“You have not forgotten how you walked with the poor lady on that hot day?” said Clym.
“No,” said the boy.
“And what she said to you?”
The boy repeated the exact words he had used on entering the hut. Yeobright rested his elbow on the table and shaded his face with his hand; and the mother looked as if she wondered how a man could want more of what had stung him so deeply.
“She was going to Alderworth when you first met her?”
“No; she was coming away.”
“That can’t be.”
“Yes; she walked along with me. I was coming away too.”
“Then where did you first see her?”
“At your house.”
“Attend, and speak the truth!” said Clym sternly.
“Yes, sir; at your house was where I seed her first.”
Clym started up, and Susan smiled in an expectant way which did not embellish her face; it seemed to mean, “Something sinister is coming!”
“What did she do at my house?”
“She went and sat under the trees at the Devil’s Bellows.”
“Good God! this is all news to me!”
“You never told me this before?” said Susan.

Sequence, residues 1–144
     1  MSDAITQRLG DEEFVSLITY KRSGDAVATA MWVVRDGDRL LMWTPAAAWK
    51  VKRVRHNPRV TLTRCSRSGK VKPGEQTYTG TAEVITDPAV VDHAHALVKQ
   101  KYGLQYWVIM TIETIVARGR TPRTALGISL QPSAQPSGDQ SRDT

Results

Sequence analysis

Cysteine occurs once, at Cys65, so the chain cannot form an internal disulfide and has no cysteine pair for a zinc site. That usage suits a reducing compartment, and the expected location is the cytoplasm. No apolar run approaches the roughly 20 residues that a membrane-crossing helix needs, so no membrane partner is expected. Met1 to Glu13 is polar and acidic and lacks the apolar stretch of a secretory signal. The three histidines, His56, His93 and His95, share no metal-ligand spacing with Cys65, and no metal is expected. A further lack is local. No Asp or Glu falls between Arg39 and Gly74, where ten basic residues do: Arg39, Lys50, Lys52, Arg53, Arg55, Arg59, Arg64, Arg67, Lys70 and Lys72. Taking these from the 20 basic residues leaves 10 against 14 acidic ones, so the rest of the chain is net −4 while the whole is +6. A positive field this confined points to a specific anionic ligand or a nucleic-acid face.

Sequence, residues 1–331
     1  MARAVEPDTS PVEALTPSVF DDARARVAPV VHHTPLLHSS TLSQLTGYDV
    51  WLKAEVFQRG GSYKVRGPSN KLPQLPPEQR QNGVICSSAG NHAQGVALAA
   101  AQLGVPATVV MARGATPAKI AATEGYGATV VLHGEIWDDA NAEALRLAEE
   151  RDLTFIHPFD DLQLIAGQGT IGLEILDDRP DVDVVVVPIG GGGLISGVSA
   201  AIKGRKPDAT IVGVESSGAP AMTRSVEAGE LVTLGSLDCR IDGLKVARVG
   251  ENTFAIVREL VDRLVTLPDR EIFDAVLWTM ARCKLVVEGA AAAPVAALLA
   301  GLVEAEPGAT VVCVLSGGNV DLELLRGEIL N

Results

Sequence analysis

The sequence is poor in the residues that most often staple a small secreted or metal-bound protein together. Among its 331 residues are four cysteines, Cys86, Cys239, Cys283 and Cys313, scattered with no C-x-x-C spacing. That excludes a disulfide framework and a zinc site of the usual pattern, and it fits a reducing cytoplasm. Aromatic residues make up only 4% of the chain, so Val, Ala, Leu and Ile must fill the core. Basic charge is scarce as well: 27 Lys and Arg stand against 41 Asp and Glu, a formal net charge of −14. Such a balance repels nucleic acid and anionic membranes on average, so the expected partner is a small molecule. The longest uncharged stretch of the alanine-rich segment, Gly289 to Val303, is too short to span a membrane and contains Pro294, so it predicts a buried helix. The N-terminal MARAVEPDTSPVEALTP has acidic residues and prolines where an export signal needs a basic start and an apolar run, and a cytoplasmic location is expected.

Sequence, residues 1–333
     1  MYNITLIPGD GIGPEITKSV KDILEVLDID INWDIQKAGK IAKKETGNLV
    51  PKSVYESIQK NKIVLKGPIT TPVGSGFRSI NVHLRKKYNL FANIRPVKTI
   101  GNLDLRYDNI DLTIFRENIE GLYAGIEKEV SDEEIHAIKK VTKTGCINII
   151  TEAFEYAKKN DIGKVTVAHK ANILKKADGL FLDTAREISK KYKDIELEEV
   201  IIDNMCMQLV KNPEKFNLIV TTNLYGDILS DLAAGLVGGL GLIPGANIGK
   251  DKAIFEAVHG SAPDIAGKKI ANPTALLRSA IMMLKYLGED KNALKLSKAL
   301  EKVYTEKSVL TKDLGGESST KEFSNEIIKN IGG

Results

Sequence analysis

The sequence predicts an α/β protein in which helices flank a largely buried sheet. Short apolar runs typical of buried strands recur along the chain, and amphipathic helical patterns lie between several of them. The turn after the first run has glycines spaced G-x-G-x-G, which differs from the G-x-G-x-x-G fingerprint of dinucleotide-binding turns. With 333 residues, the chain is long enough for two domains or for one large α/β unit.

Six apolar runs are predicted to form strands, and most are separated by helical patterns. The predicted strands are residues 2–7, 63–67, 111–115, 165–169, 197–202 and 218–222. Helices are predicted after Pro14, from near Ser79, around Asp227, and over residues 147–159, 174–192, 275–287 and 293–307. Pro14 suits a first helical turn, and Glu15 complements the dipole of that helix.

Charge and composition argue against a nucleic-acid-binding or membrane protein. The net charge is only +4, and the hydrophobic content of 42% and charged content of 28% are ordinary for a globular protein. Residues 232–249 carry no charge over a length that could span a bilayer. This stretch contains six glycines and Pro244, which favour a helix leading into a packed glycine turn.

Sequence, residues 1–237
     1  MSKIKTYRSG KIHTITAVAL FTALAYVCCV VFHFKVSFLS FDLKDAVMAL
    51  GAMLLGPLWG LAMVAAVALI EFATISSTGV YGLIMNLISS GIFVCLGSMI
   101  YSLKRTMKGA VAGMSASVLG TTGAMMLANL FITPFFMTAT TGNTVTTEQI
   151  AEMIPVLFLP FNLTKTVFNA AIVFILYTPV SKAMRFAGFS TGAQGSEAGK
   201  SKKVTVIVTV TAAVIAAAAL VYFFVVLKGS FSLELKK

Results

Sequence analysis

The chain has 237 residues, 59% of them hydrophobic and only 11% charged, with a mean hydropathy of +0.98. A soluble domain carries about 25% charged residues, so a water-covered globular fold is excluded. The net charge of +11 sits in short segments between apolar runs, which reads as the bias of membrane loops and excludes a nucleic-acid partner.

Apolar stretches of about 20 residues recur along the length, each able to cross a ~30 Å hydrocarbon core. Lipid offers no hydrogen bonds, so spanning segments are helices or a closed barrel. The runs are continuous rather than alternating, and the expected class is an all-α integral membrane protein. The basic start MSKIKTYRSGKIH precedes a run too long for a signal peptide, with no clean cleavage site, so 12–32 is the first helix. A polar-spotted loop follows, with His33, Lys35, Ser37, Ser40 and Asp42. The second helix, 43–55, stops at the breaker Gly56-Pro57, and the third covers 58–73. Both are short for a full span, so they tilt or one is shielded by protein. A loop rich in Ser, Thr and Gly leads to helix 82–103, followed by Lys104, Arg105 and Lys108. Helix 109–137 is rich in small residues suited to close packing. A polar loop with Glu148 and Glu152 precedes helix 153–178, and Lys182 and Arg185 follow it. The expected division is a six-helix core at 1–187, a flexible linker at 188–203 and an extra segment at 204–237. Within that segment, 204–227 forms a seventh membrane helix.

“No, mother; because I didn’t like to tell ’ee I had been so far. I was picking black-hearts, and went further than I meant.”
“What did she do then?” said Yeobright.
“Looked at a man who came up and went into your house.”
“That was myself—a furze-cutter, with brambles in his hand.”
“No; ’twas not you. ’Twas a gentleman. You had gone in afore.”
“Who was he?”
“I don’t know.”
“Now tell me what happened next.”
“The poor lady went and knocked at your door, and the lady with black hair looked out of the side window at her.”
The boy’s mother turned to Clym and said, “This is something you didn’t expect?”
Yeobright took no more notice of her than if he had been of stone. “Go on, go on,” he said hoarsely to the boy.
“And when she saw the young lady look out of the window the old lady knocked again; and when nobody came she took up the furze-hook and looked at it, and put it down again, and then she looked at the faggot-bonds; and then she went away, and walked across to me, and blowed her breath very hard, like this. We walked on together, she and I, and I talked to her and she talked to me a bit, but not much, because she couldn’t blow her breath.”
“O!” murmured Clym, in a low tone, and bowed his head. “Let’s have more,” he said.
“She couldn’t talk much, and she couldn’t walk; and her face was, O so queer!”
“How was her face?”
“Like yours is now.”
The woman looked at Yeobright, and beheld him colourless, in a cold sweat. “Isn’t there meaning in it?” she said stealthily. “What do you think of her now?”
“Silence!” said Clym fiercely. And, turning to the boy, “And then you left her to die?”